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|Species: Picoides pubescens|
Downy Woodpeckers are small birds, reaching only 7 inches in length with a wingspan of 1 foot. They have black wings with white spottings, a white back, and a white belly. They have a short beak, and males sport a red crown.
Habitat & Range
Downy woodpeckers can be found deciduous forests throughout North America. They nest and overwinter in the cavities of dead tree limbs, visiting bird feeders throughout the winter.
Downy woodpeckers feed mostly on insects, as well as seeds and berries. They forage on trees, rapidly moving up and down the trunks in search of insects underneath the bark.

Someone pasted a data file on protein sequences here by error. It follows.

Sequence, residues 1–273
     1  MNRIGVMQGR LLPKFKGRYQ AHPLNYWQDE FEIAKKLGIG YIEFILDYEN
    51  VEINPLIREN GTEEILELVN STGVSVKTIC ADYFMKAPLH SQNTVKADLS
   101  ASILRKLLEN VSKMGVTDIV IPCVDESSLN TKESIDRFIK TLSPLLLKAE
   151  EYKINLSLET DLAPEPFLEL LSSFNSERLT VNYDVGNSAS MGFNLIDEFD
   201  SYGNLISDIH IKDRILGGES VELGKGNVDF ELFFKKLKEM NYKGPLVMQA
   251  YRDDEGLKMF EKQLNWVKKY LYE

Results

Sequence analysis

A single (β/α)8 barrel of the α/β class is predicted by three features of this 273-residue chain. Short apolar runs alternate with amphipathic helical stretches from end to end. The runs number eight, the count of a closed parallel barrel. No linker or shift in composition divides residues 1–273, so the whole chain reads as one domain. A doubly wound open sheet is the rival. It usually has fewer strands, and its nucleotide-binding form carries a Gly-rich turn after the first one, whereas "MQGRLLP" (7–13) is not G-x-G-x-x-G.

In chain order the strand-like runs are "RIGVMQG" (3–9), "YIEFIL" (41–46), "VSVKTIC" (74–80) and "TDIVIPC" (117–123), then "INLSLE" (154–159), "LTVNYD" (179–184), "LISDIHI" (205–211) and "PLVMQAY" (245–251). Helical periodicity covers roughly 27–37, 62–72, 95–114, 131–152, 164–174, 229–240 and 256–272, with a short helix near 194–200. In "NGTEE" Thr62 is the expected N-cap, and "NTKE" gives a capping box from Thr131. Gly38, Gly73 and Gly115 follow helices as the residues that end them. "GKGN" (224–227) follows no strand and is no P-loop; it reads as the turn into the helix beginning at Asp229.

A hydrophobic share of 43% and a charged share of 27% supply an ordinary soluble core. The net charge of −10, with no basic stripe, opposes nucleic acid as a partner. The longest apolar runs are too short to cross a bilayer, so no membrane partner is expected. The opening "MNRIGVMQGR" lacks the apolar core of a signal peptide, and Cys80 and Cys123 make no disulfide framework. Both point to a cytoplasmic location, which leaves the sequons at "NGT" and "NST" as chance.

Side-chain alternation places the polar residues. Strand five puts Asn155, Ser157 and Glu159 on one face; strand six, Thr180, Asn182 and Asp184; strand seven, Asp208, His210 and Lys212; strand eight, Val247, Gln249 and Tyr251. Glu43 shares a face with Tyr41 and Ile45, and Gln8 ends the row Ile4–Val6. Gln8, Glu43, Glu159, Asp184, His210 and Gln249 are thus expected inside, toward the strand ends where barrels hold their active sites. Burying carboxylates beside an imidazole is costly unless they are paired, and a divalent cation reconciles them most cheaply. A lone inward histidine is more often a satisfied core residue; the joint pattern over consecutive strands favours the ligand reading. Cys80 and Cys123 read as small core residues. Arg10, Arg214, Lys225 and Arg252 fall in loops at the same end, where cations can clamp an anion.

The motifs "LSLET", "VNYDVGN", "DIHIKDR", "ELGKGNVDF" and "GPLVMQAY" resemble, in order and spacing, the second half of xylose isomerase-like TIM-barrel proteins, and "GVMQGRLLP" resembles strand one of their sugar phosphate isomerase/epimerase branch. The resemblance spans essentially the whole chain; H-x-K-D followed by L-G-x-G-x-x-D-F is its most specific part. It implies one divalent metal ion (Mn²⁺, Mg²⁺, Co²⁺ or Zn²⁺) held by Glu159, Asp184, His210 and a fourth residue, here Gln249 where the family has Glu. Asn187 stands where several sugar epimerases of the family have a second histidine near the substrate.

They are known to visit feeders, eating suet and sunflower seeds in the winter.
Downy woodpeckers begin their courtship in the spring, and pair up to excavate a nesting cavity. Eggs are laid in clutches of 3-8 eggs, which are incubated for 12 days. The young hatch naked and helpless, and remain nestlings for 18-21 days, after which they fledge.
Featured Image by John Benson.